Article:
Home / Opinion / Online-views /  Opinion | India’s premature tryst with the middle income trap?

Almost exactly a year ago, the Asian Development Bank (ADB) published a report, ‘Asia 2050: Realising the Asian Century.’ The multilateral lender presented two scenarios for 2050 – an affluent Asia producing half the world’s output or getting stuck in the “middle income trap."

Most rapidly growing countries are susceptible to a loss of economic momentum or even stagnation after the middle income point. They are trapped in an impasse: they are no longer low-income, low-wage economies but have failed to make the transition to high-income, high-innovation economies. Growth tapers off. This is the middle income trap from which they need to quickly innovate themselves out of low productivity sectors like agriculture onto high productivity manufacturing and services.

The World Bank classifies India as a lower middle income country, with its gross domestic product per capita of just $3,200 (on purchasing power parity basis) as opposed to our upper middle class fellow BRICS, whose incomes average at around $10,000 per capita. However, the trap has plagued countries like Brazil, which have been stagnating at the upper middle class level for more than a decade.

Despite having similar growth levels until 1983, South Korea surpassed Brazil to graduate to a high-income status. South Korea managed a stellar transition from a labour-intensive economy to a skills and innovation economy, through investments in human capital and technology. Contrastingly, unable to sustain its high growth trajectory, Brazil grew at an average of only 1% per capita in the last 30 years. Mired in a mix of inflation and high interest rates, it was extremely difficult to pay off debts accumulated through imported technology on one hand, and coping with bureaucracy, protectionist industries, poor educational system and lack of innovation on the other.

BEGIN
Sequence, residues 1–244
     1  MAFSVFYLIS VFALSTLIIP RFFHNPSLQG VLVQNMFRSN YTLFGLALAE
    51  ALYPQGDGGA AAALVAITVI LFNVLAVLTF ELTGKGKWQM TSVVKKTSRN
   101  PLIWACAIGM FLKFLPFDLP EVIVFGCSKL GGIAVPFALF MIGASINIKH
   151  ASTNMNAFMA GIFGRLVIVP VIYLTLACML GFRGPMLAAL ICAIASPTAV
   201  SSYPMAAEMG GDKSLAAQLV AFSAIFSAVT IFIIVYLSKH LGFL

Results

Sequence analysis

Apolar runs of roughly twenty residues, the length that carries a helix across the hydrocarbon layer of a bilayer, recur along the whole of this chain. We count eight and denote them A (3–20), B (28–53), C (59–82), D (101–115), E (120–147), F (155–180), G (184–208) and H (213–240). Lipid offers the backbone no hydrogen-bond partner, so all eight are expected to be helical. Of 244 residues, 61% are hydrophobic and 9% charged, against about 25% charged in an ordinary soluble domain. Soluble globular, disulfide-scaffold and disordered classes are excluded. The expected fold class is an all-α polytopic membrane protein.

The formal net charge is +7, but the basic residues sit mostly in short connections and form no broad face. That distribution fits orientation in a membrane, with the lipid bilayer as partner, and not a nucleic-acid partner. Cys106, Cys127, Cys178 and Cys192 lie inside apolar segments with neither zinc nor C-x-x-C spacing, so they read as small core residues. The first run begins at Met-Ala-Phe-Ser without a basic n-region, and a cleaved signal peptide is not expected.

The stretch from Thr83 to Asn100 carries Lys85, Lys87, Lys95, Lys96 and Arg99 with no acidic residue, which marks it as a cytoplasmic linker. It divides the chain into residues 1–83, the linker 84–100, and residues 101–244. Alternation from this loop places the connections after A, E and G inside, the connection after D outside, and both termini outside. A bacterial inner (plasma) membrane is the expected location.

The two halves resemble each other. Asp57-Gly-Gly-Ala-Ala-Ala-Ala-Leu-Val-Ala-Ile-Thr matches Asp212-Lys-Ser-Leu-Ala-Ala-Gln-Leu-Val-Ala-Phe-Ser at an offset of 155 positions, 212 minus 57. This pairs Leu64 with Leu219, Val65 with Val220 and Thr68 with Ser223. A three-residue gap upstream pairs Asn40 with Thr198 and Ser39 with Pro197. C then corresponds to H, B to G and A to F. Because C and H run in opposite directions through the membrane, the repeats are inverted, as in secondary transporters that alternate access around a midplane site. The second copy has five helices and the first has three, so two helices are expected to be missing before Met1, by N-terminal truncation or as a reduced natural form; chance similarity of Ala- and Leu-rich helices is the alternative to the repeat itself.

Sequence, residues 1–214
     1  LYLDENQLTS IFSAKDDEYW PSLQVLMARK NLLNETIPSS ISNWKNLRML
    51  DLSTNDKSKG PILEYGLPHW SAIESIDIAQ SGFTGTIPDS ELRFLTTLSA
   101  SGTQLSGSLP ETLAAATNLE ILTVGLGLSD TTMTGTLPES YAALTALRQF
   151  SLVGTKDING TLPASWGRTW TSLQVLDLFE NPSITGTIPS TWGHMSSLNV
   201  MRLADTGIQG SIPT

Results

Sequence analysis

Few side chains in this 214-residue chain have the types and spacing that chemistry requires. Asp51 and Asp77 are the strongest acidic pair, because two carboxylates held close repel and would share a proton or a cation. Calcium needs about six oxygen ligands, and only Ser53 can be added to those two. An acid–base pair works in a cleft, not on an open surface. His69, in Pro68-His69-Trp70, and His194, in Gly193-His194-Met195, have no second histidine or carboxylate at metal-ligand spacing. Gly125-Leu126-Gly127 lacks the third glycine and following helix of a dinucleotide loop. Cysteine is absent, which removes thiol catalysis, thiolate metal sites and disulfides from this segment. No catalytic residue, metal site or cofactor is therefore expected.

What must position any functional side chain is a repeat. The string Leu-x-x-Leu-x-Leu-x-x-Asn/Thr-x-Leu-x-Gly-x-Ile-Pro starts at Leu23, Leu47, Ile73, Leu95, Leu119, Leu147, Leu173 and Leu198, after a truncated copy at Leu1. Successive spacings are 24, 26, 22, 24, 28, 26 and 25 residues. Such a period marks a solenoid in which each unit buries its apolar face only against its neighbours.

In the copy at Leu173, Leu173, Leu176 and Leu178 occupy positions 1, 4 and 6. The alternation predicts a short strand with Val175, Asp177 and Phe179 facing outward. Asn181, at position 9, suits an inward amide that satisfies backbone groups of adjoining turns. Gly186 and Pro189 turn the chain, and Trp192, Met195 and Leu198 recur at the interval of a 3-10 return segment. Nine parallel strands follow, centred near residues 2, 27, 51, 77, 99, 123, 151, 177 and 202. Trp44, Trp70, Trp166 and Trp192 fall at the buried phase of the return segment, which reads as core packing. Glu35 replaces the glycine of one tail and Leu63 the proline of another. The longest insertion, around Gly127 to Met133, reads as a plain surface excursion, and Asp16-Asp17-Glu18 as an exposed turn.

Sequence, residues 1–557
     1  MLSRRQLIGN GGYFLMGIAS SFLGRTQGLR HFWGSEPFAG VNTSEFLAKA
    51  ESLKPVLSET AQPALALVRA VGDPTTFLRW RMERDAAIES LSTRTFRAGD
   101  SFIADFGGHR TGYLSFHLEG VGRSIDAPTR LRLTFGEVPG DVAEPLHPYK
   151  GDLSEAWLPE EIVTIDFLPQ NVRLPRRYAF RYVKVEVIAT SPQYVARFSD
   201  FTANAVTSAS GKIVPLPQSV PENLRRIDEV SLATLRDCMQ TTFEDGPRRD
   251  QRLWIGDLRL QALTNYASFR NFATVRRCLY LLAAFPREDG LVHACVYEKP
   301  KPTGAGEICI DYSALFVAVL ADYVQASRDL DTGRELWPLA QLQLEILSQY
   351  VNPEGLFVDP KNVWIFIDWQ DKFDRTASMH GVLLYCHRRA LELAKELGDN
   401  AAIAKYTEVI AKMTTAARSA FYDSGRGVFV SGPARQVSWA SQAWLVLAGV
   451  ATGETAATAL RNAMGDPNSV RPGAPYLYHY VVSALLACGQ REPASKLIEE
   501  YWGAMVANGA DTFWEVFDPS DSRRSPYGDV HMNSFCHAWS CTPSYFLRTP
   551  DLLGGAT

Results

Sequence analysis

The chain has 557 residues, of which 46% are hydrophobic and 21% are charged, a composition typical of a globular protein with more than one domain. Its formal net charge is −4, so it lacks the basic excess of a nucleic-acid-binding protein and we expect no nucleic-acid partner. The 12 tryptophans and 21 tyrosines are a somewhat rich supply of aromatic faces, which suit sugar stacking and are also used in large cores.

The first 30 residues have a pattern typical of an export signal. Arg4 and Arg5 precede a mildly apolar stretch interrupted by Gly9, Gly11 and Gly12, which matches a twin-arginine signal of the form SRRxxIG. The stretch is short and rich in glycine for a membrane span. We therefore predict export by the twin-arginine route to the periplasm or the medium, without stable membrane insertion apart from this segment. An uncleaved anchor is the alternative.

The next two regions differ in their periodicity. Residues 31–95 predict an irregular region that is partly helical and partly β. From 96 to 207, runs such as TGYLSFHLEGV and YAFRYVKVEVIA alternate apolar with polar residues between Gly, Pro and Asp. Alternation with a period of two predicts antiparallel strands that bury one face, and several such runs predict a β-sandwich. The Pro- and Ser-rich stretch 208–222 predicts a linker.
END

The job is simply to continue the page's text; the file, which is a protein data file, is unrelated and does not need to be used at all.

In India’s case, the ADB report shows that if the country slows down to a per capita income of $17,800 – which should be in 20 years’ time considering the 2005-2010 growth trend – it will be in the middle income trap.

However, there is much speculation if India’s high growth trajectory of 8-9% will continue onto the next two decades. The economy grew at 5.3% last quarter, its slowest pace in a decade. While some economists argue that this may just be a cyclical low due to externalities from the troubled Euro zone, it could also be that actual growth trend is below that of high growth yesteryears. RBI governor, Duvvuri Subburao, recently estimated the 2012-2013 fiscal growth to be at 7.5%. However, Goldman Sachs estimates a growth trajectory of 6.3% for the rest of the decade.

Estimates show that more than 75% of the total middle class still belong to the lower middle class earning between $2 - $4 a day. With slower growth and second generation reforms on the backburner, the state will be more inclined to kowtow to demands for massive welfare schemes, like the National Rural Employment Guarantee Scheme (NREGS). While the intentions of the scheme are good, it costs a hefty $9 billion annually and is riddled with heavy corruption. Workers reportedly learn no new skills that could help them move to the manufacturing sector – a step closer to boosting incomes.

However, quite paradoxically, the government’s year-old New Manufacturing Policy aims to increase the share of GDP from manufacturing from 16% to 25% and add 100 million jobs by 2022. With the absence of a proper skills programme to link the NREGS to this policy, the good intentions could be cancelled out. Moreover, there are no signs of the modernising reforms needed to encourage a flexible labour market.

Unlike China, we still have time to capitalize on our young workers by investing in human capital, research and innovation, to boost our GDP levels with a stronger manufacturing and services base. However, with our unimpressive educational quality, and only 0.9% of GDP allocated to research and innovation, we could be at a danger of letting away that potential untapped. With the ongoing ‘policy paralysis,’ especially our vacillating stands on curtailing foreign investments to protect our industries, a low growth trajectory could very well invite a premature middle income trap.

Let us hope that we can strike while the iron is hot – because unlike the last-minute economic reforms of 1991 that led to the country’s economic turnaround, we can’t wait for things to get much worse and expect to get lucky again.

Hemal Shah is programme coordinator of economic studies at the Legatum Institute in London.

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